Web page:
GRISWOLD'S PATENTED OCT.26.1856
Chocolate colored tintypes were produced after
the 1870's. While large sizes were produced for many years, tiny gem tintypes
were made starting in 1863. These were often sold in bunches and put in
albums or special cards that look like carte de visites. These tintypes
in cartes often have the photographer's price list on the back. Later on,
tintypes were given a protecting coat of varnish and were sold with out
case or other holder. Tintypes from the turn of the century were usually
small and of poor image quality.
A style of protecting and displaying solid-type photographs, where the photograph
is held within a packet and case.
Until a few years before 1870, many solid-types
were held in special cases. These images are referred to as cased photographs.
Most of these cased photographs were Daguerreotypes and Ambrotypes. The
cased photograph is made of several parts, and the totality was meant to
beautify and protect the delicate image. The parts include the solid-type
itself, a brass mat, a pane of glass, a preserver (also called a frame)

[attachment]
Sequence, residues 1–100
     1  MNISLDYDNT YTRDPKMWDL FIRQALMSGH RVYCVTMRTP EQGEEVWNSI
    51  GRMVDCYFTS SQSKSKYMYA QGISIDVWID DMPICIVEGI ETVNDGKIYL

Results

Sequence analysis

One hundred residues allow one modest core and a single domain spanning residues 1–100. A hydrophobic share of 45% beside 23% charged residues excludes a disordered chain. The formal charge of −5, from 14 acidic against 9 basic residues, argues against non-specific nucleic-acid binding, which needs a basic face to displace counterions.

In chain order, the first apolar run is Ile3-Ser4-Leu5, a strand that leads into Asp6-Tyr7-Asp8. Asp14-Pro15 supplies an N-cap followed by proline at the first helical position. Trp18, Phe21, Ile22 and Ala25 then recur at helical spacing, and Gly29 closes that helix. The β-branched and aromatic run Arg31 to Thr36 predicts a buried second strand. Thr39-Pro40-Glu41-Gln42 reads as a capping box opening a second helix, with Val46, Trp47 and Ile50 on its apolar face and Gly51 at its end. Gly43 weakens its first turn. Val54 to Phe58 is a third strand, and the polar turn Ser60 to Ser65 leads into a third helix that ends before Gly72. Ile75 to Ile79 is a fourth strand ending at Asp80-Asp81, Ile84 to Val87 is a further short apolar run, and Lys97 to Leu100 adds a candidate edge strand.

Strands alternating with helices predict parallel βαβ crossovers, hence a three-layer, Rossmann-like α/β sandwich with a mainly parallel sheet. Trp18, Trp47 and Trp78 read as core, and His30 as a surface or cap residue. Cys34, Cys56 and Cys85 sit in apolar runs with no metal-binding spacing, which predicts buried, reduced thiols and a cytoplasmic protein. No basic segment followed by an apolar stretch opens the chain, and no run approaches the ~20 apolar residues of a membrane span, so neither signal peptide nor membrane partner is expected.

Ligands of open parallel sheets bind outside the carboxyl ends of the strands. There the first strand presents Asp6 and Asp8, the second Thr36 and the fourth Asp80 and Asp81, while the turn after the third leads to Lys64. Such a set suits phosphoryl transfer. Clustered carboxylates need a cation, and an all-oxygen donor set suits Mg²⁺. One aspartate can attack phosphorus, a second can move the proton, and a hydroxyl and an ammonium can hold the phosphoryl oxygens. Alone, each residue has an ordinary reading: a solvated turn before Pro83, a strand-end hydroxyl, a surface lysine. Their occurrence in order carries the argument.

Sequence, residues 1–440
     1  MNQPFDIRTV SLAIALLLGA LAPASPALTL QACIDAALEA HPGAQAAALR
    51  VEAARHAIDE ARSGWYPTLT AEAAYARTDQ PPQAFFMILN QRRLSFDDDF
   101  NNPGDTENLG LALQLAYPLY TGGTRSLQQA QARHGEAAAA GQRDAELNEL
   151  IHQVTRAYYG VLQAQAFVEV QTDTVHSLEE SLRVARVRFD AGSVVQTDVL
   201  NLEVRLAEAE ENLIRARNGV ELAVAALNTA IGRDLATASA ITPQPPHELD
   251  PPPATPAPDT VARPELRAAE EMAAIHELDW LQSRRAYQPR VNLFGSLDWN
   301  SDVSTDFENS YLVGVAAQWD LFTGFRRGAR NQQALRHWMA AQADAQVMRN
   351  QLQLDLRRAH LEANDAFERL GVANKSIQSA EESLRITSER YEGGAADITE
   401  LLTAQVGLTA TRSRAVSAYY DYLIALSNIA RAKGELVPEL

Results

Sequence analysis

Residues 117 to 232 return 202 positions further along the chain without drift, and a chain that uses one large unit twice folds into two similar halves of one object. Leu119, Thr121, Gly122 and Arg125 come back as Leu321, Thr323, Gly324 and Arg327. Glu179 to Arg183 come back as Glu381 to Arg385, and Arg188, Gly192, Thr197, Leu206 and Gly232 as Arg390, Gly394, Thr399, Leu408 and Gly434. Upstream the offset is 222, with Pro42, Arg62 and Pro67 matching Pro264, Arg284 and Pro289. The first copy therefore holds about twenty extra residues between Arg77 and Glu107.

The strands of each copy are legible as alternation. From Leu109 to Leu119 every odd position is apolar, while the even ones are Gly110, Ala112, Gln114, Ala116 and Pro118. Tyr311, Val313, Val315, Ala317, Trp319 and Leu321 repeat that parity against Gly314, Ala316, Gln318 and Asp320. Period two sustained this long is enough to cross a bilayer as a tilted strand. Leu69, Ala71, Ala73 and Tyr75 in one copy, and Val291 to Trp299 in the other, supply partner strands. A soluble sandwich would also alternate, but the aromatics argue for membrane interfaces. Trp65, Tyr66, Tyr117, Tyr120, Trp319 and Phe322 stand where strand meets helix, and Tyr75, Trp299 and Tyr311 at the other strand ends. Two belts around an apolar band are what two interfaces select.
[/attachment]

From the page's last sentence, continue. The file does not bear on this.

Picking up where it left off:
and the case. The pane of glass protects the image from he outside elements.
The mat frames and beautifies the image while protecting it from the glass.
The preserver, which can also be ornamental, holds the previous parts together.
These parts are usually held together with varying types of paper or tape.
If you think about it, these parts are essentially the same as a modern
framed and matted photograph or print. Finally, these parts were placed
inside the case. The most common style of case is ornamental and folds
together like a box. The cases were paper mache; thin, embossed, leather
covered boxes; or molded and embossed cases made of thermoplastic. The
last are called 'Union Cases.'
The collector must note that, over the years,
solid-types and the case parts have often been mixed and matched. This
was or is done to make the photograph look nicer, or to make a newer tintype
look old. If the seal is intact, the encased photograph is in its original
state. If the seal is broken, the collector must determine if the parts
and photograph are from the same period.